As exciting as matches and tournaments are on their own, I always find the context surrounding matches to be a key factor in enhancing the experience of watching the matches unfold. Knowing the historical component of the impact, a win or loss can have on a player’s or team’s career heightens the excitement. Seeing how individual performances can shape the way we think of players, make the big pressure moment they rise to or fall from only more intense. Thorin’s threads picks out key story-lines to follow, with their historical and cultural context explained.
IEM IX Cologne will see two North American LCS teams (CLG and Dignitas) competing in a tournament featuring two European LCS teams (ROCCAT and Gambit). With two amateur sides rounding out the six team field, the event lacks for the star power of IEM San Jose, but may provide an opprotunity for some of the middling LCS teams of last split to become a champion. Here are eight story-lines to keep track of during the event.
1. Ryu’s last chance
Ryu was one of the best Korean Mid laners of 2013, but 2014 has been most unkind to him. After KT Bullets’ eventual demise, and a brief swap to Jungle, Ryu hoped to qualify for LCS with Millenium and begin a successful career?in the West. Failure to even reach the final four of the Expansion tournament very much killed that initial dream and now Ryu may be facing his last chance to prove his worth.
If Ryu can perform to a high level at this tournament, then there are European sides out there still looking for a good Mid laner. It seems quite unlikely he can remain on ROCCAT, with all signs pointing to Nukeduck being their starting Mid laner for 2015, but with an exceptional performance perhaps even that is not impossible.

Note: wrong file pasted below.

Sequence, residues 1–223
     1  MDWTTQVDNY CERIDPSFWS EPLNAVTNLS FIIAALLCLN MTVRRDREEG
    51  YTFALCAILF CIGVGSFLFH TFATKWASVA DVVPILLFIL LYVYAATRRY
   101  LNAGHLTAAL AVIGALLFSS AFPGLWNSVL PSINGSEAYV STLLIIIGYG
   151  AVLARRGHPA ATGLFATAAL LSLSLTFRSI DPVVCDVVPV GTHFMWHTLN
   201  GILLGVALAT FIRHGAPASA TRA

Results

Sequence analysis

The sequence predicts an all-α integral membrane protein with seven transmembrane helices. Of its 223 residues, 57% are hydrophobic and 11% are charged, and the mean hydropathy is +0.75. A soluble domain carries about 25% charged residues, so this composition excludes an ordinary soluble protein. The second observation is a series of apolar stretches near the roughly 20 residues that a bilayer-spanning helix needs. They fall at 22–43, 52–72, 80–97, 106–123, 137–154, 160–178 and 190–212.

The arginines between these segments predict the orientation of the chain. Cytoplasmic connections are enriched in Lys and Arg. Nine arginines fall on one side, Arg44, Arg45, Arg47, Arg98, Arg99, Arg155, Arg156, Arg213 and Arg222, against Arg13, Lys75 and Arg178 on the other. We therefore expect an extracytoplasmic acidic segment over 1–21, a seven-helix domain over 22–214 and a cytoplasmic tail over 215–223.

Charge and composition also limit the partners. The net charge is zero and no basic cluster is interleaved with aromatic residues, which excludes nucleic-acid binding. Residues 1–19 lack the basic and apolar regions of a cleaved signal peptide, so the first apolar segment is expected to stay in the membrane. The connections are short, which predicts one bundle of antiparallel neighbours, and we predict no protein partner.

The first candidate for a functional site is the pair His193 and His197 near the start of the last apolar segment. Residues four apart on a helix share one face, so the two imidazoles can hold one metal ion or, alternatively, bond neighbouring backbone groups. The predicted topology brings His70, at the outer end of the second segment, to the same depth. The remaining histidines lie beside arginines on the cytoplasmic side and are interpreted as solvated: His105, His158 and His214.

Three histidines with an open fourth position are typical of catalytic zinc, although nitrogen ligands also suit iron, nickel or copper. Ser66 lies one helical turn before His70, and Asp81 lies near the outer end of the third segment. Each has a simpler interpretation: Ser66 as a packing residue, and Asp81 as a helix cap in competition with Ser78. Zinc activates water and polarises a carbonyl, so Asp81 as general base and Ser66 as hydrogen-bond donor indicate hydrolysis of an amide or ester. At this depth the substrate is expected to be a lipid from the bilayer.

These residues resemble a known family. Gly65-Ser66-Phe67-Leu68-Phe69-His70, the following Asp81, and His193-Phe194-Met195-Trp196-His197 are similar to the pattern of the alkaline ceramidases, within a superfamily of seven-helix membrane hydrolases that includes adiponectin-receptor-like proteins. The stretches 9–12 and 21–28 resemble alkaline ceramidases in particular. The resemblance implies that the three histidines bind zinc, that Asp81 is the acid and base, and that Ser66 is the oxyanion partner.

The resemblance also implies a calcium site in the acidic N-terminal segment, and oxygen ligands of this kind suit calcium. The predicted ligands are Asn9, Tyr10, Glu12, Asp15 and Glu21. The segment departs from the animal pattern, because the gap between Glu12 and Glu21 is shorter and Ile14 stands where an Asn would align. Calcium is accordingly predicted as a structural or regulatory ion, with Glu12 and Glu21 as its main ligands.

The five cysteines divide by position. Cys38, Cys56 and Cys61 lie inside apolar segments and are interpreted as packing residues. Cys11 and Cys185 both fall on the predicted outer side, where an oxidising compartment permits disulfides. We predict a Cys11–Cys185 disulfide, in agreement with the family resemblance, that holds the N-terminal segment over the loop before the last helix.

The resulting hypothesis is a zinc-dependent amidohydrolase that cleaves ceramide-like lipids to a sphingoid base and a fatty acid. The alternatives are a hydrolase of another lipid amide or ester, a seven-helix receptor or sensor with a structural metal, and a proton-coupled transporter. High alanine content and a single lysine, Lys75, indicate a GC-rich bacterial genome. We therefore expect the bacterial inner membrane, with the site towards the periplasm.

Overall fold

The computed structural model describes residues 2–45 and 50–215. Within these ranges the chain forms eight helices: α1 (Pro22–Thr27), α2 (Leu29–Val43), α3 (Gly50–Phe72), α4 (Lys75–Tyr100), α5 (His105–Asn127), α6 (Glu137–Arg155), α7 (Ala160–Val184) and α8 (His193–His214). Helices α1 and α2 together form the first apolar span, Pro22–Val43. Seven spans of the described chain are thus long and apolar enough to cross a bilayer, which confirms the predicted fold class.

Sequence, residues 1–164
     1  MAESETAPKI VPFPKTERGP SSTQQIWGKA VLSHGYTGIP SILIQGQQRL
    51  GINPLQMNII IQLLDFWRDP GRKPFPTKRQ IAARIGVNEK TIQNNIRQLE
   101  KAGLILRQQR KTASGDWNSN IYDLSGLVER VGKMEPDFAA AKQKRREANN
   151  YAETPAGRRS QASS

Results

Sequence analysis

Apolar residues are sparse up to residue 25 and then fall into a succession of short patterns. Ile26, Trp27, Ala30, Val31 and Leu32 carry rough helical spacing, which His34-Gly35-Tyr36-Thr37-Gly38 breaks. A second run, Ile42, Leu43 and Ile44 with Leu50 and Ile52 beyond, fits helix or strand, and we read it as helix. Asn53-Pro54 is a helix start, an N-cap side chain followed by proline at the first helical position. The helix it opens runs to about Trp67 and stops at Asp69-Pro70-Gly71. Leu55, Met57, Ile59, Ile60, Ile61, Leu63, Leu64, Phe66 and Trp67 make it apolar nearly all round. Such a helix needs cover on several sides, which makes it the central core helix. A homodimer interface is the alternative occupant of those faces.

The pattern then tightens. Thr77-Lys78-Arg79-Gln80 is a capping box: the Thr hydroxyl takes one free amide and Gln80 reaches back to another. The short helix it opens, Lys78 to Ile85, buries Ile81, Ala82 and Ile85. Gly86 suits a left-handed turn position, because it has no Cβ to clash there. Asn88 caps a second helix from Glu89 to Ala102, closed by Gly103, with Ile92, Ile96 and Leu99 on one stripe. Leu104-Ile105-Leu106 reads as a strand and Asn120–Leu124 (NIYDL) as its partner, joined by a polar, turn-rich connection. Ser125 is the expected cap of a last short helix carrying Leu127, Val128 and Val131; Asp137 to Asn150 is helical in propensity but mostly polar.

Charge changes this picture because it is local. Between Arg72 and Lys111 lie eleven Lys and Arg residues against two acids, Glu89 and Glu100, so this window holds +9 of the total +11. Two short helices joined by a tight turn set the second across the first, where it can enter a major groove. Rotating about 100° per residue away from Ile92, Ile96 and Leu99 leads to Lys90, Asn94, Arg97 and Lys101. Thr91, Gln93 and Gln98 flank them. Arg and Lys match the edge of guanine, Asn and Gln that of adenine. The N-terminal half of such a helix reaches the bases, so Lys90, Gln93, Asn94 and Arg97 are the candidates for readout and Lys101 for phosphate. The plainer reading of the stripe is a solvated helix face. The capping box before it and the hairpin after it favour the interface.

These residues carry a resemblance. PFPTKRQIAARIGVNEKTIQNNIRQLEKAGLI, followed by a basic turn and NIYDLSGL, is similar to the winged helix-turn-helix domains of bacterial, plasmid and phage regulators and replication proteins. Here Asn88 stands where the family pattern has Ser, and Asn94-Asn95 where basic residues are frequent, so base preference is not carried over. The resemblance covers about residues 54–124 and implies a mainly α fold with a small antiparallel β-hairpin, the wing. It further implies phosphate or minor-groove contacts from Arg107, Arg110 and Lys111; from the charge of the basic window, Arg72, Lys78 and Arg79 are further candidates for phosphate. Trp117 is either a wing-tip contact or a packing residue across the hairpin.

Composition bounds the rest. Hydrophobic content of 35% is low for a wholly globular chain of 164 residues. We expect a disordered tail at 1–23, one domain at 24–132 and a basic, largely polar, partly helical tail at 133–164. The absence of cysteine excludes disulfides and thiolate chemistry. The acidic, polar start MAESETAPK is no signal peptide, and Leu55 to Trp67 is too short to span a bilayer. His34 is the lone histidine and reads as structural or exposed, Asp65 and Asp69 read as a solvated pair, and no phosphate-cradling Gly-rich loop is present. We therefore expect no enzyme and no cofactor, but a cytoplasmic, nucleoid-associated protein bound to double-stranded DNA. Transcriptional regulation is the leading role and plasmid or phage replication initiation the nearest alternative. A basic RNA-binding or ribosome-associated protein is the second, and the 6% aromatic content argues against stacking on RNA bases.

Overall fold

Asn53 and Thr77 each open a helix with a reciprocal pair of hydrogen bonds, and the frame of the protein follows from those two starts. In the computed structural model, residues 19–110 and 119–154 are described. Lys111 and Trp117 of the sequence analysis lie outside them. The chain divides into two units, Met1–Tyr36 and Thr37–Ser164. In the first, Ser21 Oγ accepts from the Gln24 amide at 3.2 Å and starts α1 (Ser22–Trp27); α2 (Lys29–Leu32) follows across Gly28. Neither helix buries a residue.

Can the man who made magic with Orianna and Zed in 2013 show the less-than-stellar field how it’s done? When KT Bullets attended IEM Katowice in March they were in a heavy slump domestically, but won the event without a loss and all performed to a high level.
2. It’s ROCCAT’s tournament to lose
ROCCAT do not come to the event with their confirmed final line-up for next year, but they have received some pre-tournament hype in terms of players saying they have been strong in practice. VandeR was an impressive performer with a one-dimensional AD Carry (Celaver) previously. Now he gets an upgrade in the form of Woolite and will be expected to form a strong botlane with the newcomer.